Delicate hanging plants

Why stay so down-to-earth? Nothing keeps you from looking up and reaching for the sky! What if you let yourself be seduced by hanging plants?

Bringing your plants up also means lifting up your own eyes to admire them, helping them to feel at ease, planting with colors and surfaces. The thejoyofplants.co.uk website, managed by the Flower Council of Holland, has the goal of sharing to the general public the joy of being surrounded by plants, and this site uplifts any plant that can turn into a live, natural decoration! Now, up to you to choose your hanging plants, to determine those that will dress up your interiors as autumn slowly plods near. Again, thejoyofplants.co.uk has its own idea on the topic and offers a selection of plants that is quite interesting…

Ceropegia woodiin, very original

ceropegiaCeropegia woodii is native to South Africa. Its name was attributed by Carl Linnaeus who built it from two Greek words: kĂȘros which means wax and pĂȘgĂȘ, fountain.

The Swedish scientist felt that this plant indeed looked like a fountain of wax. With its twisted stems as thin as string and its heart-shaped leaves with watery designs, this plant is a boon for creative imagination!

Ceropegia woodii tolerates luminous or slightly dark spots. It appreciates moderate watering and checking that the soil has dried out before watering again is recommended.

Tradescantia, refined and elegant

tradescantiaThis gem hails from the entire Americas… it is found from Canada down to North Argentina. With its foliage that is sometimes tinted with a dab of pink or red, even silver and gold, Tradescantia immediately gilds the inside of any house. But this treasure also has more hidden gems, too, like its striking blue, white or pink flowers.

Tradescantia requires little water and doesn’t tolerate stagnating water. This plants appreciates it when the soil mix dries off before being watered anew. Mottled varieties must be placed in a luminous spot if you want to preserve the panache leaves, otherwise they’ll turn a monotonous green.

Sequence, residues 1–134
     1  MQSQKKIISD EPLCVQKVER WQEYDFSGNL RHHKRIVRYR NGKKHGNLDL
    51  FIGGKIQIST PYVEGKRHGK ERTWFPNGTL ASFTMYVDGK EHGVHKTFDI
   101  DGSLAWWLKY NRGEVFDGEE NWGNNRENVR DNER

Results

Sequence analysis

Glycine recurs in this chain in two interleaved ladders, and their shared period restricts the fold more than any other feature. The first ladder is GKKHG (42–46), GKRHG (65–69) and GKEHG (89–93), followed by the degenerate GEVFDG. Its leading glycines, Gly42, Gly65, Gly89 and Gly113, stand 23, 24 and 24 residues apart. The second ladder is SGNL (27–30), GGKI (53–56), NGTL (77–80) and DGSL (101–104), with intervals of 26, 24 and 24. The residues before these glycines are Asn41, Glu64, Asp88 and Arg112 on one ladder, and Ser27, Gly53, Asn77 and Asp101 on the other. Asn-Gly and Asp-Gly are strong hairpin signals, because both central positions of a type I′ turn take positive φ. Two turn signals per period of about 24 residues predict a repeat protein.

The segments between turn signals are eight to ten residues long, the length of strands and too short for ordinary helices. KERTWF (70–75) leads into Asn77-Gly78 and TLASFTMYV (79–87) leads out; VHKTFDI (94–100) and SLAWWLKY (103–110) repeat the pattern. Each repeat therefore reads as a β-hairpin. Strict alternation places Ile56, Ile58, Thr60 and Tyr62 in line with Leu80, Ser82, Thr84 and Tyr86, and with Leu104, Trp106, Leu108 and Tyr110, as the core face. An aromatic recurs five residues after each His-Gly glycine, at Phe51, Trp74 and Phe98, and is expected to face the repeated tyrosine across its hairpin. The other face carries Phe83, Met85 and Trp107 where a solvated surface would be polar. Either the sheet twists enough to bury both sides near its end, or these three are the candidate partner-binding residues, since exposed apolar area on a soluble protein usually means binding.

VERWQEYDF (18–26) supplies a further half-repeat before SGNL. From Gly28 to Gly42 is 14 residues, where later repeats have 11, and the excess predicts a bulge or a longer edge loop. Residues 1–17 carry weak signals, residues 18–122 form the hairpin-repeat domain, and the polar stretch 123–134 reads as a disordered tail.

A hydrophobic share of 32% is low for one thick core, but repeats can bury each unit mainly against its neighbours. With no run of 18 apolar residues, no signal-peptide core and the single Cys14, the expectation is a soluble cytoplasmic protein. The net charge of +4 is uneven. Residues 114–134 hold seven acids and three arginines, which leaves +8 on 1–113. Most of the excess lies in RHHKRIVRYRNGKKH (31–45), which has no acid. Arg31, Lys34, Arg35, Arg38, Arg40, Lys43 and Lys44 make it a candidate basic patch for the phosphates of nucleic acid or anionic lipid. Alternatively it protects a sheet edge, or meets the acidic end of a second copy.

If the tip of the leaves turns brown, it means the soil isn’t moist enough.

Rhipsalis, what a haircut!

rhipsalisThis thornless cactus, nick-named Coral Cactus, is native to moist Central and South American tropical forests, as well as Africa and other islands from the Indian Ocean. Its surprising structure, with long leaf tendrils that quickly extend, will feel just right in trendy environments designed to confuse perspective.

Rhipsalis appreciates lightly sunny emplacements but doesn’t tolerate full sun. Let the soil dry off before watering. And if the tendrils extend too much, give the plant a haircut!

Aeschynanthus, simply beautiful

AeschynanthusThis very sensuous plant is a Malaysian originally. In some countries, aeschynanthus (pronounce es-ki-NAN-tus) is indeed called the lipstick plant because of its deep red flowers hidden in almost violet tubes. What catches the eye first, though, is its abundant leafage, surprising and stratified and which cascades like Rapunzel’s hair from the window. It is such an eye-catcher that it suffices to furnish an otherwise minimalistic room. Aeschynanthus delights in luminous rooms but not in direct sun. It only needs watering once a week in winter. In summer, though, best to water twice a week, albeit moderately.

Image credits: Aeschynanthus : ©Motorolka Fotolia Ceropegia woodii : ©Wikimedia Commons Tradescantia : ©Khlongwangchao Fotolia Rhipsalis : ©Flickr